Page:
# Consumer surplus calculation

Suppose $$P(Q) = 10-0.5Q$$. If a firm is producing $$q_1$$ and $$q_2$$ units from its two different machines such that $$Q = q_1 + q_2$$, what is the consumer surplus at $$(q_1, q_2)$$?

I think the consumer surplus is $$\left(\frac{Q}{2}\right)^2$$.

However, when I calculate the consumer surpluses separately, the result is different. In other words, at $$q_i$$, the consumer surplus is $$(q_i/2)^2$$ but the total consumer surplus $$(q_1/2)^2 + (q_2/2)^2 \neq (Q/2)^2$$.

Why's this happenning?

• Why would you "calculate the surpluses separately" for each production machine and then add them together? They are related to how demand varies with price. You might calculate consumer surpluses separately for each consumer, but not for each producer. Commented Apr 6 at 16:06
• @Henry Why can't we do that? I can see it does not work but I don't see why. Commented Apr 6 at 17:13

If we are going to consider the separate effects on consumer surplus (CS) of $$q_1$$ and $$q_2$$, what we must do is first find the CS when $$Q=q_1$$ and then consider the total change in CS which results from increasing $$Q$$ from $$q_1$$ to $$q_1+q_2$$. In the diagram below, the CS when $$Q=q_1$$ is represented by area $$A$$ which equals $$(q_1/2)^2$$.

The increase from $$q_1$$ to $$q_1+q_2$$ has two effects on CS. It adds area C which equals $$q_2/2)^2$$. But also, by lowering the price, including the price for the original $$q_1$$ units, it increases the CS on those units. This second effect is represented by area B, a rectangle with length $$q_1$$ and height $$q_2/2$$ and therefore area $$q_1q_2/2$$. Thus the total CS obtained in this way is as below:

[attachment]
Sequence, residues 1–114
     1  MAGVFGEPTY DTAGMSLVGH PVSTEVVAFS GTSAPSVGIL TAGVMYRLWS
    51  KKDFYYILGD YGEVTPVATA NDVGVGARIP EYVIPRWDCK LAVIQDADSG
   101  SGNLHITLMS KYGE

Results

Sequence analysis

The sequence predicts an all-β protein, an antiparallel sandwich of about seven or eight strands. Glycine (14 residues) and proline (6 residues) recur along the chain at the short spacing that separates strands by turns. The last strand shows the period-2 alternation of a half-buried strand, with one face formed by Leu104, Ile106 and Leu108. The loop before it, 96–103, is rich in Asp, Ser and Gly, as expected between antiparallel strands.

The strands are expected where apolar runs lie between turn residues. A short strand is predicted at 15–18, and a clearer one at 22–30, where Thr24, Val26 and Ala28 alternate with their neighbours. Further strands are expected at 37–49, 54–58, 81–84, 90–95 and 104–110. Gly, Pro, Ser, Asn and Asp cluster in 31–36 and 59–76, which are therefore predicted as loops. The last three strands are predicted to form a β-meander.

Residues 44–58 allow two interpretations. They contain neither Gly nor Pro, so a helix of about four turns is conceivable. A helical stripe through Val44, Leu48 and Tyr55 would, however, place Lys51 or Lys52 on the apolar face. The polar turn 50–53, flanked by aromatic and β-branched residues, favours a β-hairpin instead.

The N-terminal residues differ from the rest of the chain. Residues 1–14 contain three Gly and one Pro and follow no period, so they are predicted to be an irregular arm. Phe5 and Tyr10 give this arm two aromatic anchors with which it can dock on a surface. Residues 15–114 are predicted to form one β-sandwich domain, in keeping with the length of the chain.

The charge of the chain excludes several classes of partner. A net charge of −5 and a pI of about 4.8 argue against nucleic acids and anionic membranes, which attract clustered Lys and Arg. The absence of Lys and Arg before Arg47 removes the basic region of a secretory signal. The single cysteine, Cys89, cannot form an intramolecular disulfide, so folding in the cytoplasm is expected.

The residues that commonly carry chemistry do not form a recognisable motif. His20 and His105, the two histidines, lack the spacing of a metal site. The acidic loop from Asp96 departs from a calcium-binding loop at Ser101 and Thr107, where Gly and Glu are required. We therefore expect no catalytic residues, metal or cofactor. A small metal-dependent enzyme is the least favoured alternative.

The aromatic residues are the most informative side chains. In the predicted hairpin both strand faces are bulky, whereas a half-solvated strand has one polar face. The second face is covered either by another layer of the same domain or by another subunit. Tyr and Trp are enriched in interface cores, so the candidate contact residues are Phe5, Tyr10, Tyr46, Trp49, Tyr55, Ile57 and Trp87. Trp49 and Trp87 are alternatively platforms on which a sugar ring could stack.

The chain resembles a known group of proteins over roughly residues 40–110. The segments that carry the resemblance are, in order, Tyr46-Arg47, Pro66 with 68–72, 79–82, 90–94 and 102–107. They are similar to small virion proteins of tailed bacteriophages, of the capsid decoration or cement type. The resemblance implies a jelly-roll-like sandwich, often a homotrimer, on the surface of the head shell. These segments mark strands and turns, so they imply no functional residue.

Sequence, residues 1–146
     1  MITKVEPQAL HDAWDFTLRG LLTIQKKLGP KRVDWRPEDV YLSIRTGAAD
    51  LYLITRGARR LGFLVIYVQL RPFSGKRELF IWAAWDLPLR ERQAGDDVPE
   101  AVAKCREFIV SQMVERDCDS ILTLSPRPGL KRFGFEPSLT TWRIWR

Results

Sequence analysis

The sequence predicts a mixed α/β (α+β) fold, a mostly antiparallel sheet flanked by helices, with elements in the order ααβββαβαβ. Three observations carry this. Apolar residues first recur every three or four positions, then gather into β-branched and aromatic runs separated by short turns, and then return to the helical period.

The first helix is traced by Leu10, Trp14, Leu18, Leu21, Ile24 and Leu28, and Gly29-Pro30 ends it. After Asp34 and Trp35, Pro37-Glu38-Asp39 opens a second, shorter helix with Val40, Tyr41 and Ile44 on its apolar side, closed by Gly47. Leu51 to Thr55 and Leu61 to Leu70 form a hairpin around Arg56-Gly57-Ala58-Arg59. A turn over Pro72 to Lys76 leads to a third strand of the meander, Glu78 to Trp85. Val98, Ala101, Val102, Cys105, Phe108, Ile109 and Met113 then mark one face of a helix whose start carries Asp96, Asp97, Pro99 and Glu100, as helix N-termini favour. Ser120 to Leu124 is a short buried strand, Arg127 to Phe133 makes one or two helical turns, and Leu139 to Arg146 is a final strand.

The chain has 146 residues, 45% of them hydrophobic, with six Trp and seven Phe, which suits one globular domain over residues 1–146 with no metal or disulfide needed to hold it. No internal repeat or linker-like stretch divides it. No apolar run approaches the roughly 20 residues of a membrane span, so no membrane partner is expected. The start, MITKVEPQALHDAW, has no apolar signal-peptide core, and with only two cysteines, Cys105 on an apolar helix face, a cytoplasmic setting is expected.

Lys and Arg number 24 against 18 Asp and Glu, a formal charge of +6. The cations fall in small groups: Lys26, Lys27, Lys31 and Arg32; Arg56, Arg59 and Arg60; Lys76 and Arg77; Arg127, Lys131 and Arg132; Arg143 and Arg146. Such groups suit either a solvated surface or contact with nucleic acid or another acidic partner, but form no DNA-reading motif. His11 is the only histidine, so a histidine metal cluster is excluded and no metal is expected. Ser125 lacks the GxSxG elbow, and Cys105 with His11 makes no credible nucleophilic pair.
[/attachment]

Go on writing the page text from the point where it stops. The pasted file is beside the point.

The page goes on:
$$CS = \Big(\frac{q_1}{2}\Big)^2+\frac{q_1q_2}{2}+\Big(\frac{q_2}{2}\Big)^2 =\frac{q_1^2+2q_1q_2+q_2^2}{4} = \Big(\frac{q_1+q_2}{2}\Big)^2$$

which equals $$(Q/2)^2$$ when $$Q=q_1+q_2$$.

So the answer to your question "Why's this happening?" is that your calculation ignores area B, the effect of producing additional units on the consumer surplus of existing units.

• That works providing you assume machine 1 comes first providing consumer surplus A and then machine 2 comes along to add C and B. Arguably each machine provides B in addition to A or C : if machine 1 was not there then machine 2 would provide C, so machine 1 increases consumer surplus by A and B. Then the problem becomes trying to avoid overcounting B, Commented Apr 6 at 21:48
• @Henry Yes, in the interests of brevity I only considered machine 1 coming first, but the argument as you indicate is easily adapted for machine 2 coming first. Commented Apr 6 at 22:25
• @Henry Right, and if both the machines work together, then we simply think of it as the final quantity $Q$ (rather than separating them). Commented Apr 7 at 4:42